Incentivising PSB staff
Apropos ‘PSB staff need exposure and incentives for performance’ (September 8), public sector banks have played a major part in transforming the lives of rural poor.
Rapid branch expansions in unbanked rural/semi-urban areas under Lead bank schemes and mobilisation of small unorganised savings for lending were among the strategic steps undertaken by the public sector banks.
Given the focus on mass banking, PSB staff do not have the requisite expertise in identifying big, viable projects for lending. The government must reorient the PSB staff towards priorities of commercial lending.
Katuru Durga Prasad Rao
The real malaise
In PSBs, lack of rewards at the top and unionisation at the bottom are the real problems. PSBs’ organsational culture is not attuned to those of modern financial institutions.
There is no doubt about the talent of PSB employees and unionisation of such knowledge workers can work wonders if the top management is responsible for the good of the employees and unions respond by contributing to the development of a customer-focused and performance-oriented work culture.
In the absence of such scenario, the ideas of deputation or cross-cultural training will produce limited success.
Apropos the editorial ‘Tax treat’ (September 8), post-Covid, it is good to see the buoyancy in the gross direct tax collections which have breached the budgeted as well as revised estimates. Corporate tax collections also show very impressive growth.
However, it is premature to conclude that high tax collection is really on account of growth in GDP in real time.
Inflation rate and surge in prices of all commodities do contribute towards higher tax collection. The digital push and tightening of existing tax collection norms have also played a vital role. Generation of Form 26AS online and the simplified ITR forms have enabled more individuals to come into the tax network.
The 100 per cent collection of toll through Fastag have plugged the existing loopholes in toll collection.
Focus on job creation
With reference to the news report ‘With inflation manageable, the priority now is job creation, wealth distribution: FM’ (September 8).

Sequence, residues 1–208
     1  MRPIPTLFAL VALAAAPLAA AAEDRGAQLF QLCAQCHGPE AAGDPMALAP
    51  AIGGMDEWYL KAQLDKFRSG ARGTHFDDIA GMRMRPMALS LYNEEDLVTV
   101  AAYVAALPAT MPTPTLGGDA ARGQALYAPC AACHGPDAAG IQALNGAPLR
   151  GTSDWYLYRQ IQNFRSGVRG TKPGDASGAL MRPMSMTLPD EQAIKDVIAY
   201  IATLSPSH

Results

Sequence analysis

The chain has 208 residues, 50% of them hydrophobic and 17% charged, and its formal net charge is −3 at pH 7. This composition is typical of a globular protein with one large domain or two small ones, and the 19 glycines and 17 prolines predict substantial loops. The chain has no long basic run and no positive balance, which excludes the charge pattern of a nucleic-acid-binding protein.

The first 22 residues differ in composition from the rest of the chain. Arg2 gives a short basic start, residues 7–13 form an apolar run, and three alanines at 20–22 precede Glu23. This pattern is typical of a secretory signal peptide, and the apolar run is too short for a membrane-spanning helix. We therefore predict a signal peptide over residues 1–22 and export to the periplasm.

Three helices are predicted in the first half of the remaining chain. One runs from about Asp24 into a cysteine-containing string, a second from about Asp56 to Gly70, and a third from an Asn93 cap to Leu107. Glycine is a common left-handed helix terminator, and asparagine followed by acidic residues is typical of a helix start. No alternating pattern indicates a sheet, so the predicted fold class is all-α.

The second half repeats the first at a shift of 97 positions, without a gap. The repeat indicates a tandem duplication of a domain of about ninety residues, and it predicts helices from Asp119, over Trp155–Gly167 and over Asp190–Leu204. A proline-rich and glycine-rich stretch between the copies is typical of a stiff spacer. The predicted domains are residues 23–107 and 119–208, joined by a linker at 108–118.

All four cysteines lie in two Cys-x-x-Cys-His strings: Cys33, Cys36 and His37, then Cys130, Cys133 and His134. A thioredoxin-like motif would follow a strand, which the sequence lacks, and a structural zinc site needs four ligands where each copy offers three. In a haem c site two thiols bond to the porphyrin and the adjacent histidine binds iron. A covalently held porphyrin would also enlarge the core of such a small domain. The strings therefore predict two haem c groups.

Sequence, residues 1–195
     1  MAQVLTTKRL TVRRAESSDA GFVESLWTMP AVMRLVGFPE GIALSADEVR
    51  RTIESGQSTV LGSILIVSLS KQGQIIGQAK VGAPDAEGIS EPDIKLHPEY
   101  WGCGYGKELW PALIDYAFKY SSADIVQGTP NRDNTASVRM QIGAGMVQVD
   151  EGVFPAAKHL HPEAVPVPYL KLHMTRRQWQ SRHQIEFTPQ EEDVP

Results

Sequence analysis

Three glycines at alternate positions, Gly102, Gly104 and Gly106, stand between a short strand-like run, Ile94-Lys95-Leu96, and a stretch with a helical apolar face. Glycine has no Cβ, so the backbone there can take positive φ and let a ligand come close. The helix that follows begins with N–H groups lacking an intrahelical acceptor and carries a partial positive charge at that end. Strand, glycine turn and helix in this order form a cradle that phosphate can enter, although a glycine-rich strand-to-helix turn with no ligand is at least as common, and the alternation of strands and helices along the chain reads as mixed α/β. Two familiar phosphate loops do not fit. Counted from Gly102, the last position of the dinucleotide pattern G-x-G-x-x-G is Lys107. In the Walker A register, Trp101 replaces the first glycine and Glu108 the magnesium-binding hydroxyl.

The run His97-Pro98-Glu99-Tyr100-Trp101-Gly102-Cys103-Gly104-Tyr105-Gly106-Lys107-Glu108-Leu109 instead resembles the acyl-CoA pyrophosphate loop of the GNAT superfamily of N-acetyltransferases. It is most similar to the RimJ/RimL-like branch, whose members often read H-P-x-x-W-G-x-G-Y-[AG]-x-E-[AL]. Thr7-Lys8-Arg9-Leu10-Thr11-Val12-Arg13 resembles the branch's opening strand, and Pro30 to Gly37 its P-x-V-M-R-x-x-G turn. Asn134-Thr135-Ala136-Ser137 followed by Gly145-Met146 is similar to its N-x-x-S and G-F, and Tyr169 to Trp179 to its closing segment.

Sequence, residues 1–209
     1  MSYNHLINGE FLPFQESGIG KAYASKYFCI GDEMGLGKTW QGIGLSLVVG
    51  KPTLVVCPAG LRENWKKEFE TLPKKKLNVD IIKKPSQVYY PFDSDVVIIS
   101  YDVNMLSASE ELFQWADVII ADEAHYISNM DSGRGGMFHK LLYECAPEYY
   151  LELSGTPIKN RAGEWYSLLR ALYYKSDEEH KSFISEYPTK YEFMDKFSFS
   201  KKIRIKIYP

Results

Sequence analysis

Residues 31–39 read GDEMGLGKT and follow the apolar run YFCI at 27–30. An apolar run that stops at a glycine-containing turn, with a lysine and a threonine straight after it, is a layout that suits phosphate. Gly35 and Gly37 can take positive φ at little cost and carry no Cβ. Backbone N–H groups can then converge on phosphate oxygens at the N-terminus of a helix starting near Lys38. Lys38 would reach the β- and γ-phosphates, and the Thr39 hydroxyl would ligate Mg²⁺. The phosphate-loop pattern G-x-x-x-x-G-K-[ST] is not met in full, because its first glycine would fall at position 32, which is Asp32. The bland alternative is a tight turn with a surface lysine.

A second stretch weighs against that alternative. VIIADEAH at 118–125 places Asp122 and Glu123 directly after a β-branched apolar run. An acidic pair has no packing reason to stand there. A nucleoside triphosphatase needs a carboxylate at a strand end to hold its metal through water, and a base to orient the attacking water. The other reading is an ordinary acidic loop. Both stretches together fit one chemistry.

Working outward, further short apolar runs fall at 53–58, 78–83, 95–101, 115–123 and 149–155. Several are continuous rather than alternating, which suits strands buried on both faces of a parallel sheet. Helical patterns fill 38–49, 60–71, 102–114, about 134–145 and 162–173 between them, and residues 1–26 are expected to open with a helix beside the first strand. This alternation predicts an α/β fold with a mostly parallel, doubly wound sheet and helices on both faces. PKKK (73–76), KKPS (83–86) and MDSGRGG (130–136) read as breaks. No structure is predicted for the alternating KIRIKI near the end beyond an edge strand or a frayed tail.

The burning issue before the government is to create jobs for the youth. Firstly, improving infrastructure will boost trading activity and create jobs.
Secondly, by encouraging cottage and small-scale industries in rural areas we can desist people from migrating to urban areas and cities thus reducing the burden on overcrowded cities.
Thirdly, Indian delicacies should be popularised abroad by encouraging women entrepreneurs. These food items will have a huge demand in countries where there is a considerable Indian population, — the US, UK and Gulf countries. And, fourthly, the tourism industry has a vast potential to create jobs. It hardly requires any investment and returns are guaranteed immediately.
Shortage of weapons
Apropos ‘India is running out of weapons to deter China due to Modi order’ (September 8), such a scenario could be a matter of grave concern even as both Pakistan and China remain a potent threat to India’s security. The country’s air force, army and navy can no longer import some critical weapons systems to replace ageing ones, leaving India critically short of helicopters by 2026 and with a shortfall of hundreds of fighter jets by 2030.
More importantly, the navy is also facing problems over the push to use home-grown equipment coupled with the fact that India’s submarine fleet is dependent on a limited number of heavyweight torpedoes it had bought four decades ago.
So all in all, it could be a Catch-22 situation owing to India’s over-reliance on the ‘Make in India’ programme which mandates 30-60 per cent of home-made components.